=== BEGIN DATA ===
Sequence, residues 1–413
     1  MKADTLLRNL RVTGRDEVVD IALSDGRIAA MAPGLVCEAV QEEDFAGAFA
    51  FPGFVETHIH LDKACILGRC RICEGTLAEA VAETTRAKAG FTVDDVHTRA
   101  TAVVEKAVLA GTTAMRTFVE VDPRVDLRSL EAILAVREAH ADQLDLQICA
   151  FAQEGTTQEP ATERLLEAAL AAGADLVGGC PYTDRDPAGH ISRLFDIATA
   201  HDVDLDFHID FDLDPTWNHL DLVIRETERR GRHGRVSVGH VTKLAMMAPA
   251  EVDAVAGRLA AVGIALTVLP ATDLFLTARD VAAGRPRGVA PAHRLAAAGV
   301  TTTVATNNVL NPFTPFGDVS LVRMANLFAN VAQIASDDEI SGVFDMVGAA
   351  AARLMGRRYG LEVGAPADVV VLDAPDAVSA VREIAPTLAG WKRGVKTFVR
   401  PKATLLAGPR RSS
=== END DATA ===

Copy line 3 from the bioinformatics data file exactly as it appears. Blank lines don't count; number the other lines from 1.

    51  FPGFVETHIH LDKACILGRC RICEGTLAEA VAETTRAKAG FTVDDVHTRA